“The concept of career ladders is where we need to go…going beyond the concept of professional development and thinking about how you grow and develop talent for years and not just to meet today’s needs.” – Alvin Crawford, USA
“If you get a laptop as a teacher, but you don’t understand how to engage students
or how to really teach compelling things,” says Alvin Crawford, “that device doesn’t change your teaching practice at all.” Crawford and his team at Knowledge Delivery Systems (KDS) are on a mission to address not only this, but the entire system of teacher training through online strategic professional development.
“Research suggests the problems lie not with the students but with the adults,” Crawford said in a recent Education Week blog. “Teacher-performance research clearly illustrates we have a teaching problem in school districts. It suggests the quality of a classroom teacher is the single most important element in a child’s success.” But, adds Crawford, this doesn’t mean that there are more bad teachers than great ones. “The heart of the problem is that there are too many poorly trained administrators, principals, and teachers,” he states. “In most industries, people are considered the most important asset, and corporate leaders ensure they are trained to do their jobs effectively. Public schools should be no different.”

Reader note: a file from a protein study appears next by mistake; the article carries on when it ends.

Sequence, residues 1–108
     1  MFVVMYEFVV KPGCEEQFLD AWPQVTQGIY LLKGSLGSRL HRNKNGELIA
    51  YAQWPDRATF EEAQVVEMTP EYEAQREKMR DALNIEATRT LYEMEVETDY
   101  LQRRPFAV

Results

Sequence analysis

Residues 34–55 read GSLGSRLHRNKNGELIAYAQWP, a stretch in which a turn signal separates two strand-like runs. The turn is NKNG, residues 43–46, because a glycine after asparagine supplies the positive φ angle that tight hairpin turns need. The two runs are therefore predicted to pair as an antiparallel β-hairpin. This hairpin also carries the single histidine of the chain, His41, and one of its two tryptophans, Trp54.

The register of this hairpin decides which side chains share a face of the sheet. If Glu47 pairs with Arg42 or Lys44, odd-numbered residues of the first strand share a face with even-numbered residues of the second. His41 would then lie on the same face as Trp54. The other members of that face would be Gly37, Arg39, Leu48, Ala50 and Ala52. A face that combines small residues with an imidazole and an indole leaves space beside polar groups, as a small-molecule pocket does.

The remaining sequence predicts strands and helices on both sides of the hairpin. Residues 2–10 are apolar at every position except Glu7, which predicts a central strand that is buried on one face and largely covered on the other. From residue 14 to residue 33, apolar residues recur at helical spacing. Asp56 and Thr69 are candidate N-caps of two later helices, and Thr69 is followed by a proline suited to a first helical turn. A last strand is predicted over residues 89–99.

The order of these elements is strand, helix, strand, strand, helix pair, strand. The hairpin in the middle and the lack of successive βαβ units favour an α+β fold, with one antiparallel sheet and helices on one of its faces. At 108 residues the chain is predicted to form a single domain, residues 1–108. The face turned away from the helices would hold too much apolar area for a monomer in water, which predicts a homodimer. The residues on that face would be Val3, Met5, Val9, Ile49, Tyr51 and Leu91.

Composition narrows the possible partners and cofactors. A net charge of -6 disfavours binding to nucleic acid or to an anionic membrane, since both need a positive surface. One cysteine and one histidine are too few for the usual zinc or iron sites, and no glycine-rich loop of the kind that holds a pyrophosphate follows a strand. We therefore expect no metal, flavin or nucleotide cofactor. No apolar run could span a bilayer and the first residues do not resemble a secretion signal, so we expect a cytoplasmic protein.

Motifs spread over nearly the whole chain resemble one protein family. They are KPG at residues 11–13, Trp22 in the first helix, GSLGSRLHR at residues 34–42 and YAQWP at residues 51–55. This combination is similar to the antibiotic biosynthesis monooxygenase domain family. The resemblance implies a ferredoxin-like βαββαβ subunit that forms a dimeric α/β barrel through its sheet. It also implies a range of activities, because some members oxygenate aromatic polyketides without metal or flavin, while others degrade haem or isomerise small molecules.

Yet, when most people think about professional development, it is generally what Crawford refers to as, “a sit and get. Where you sit and listen to someone for four to eight hours and grade papers in the back of the room.” In other words – training that isn’t effective. So, with this in mind, what makes professional development effective? Crawford says that studies show it must be “focused, engaging, intensive, linked to student learning, supported with coaching, integrated with other school initiatives, and continuous for ‘an average of about 50 hours or more on a given topic.’”
Given the landscape of education today, and where we need to go, what does Crawford see for the future? “I’m definitely hopeful in terms of where we’re going,” says Crawford. “As we move to Common Core and people start to see that you don’t really change that much through just ‘evaluating’ teachers and that you actually have to provide them with
support, I see a great future ahead in terms of focusing on developing teachers, which is the critical path if we are going to improve student success.”
I’m pleased to share today’s Daily Edventure, with my friend Alvin Crawford.
About Alvin Crawford
Alvin Crawford has over 20 years of experience in education and media. Crawford spent nearly a decade at SchoolNet, a company he helped drive from a four-person startup to its current position as a leader in educational software solutions for school districts. At SchoolNet, Crawford held executive positions in areas including sales, marketing, product development and business development. He has also worked at Zentropy Partners, Ogilvy One, and Digitas. Crawford holds a BS in Biology from Tufts University, and an MBA from the Wallace E. Carroll Graduate School of Management at Boston College.